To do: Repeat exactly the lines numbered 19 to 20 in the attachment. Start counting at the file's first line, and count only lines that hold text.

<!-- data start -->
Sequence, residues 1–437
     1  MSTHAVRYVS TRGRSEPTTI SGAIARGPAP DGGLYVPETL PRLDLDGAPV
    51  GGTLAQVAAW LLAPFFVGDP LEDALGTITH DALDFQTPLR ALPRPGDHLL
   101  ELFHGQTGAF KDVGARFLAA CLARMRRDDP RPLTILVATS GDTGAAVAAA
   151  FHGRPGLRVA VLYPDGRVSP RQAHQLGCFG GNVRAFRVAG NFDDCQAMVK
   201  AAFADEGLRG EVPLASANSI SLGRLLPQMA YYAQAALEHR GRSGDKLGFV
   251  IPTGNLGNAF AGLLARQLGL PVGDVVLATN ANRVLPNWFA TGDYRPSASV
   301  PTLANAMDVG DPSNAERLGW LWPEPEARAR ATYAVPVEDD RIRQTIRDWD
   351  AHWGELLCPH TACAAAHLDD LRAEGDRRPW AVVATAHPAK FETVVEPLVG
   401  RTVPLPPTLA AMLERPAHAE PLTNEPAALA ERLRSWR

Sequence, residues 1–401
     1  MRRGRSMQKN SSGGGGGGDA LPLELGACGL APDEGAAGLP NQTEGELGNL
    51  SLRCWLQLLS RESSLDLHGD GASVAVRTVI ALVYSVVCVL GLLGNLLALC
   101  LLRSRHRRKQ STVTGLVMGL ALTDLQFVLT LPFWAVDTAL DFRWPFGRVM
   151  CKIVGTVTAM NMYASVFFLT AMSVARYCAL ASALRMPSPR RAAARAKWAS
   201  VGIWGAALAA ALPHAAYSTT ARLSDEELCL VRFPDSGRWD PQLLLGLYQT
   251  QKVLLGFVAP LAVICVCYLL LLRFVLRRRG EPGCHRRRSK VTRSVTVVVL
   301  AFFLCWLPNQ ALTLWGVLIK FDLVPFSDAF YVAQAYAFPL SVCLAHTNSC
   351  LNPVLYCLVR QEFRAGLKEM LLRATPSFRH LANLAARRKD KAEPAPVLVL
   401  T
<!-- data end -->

   351  LNPVLYCLVR QEFRAGLKEM LLRATPSFRH LANLAARRKD KAEPAPVLVL
   401  T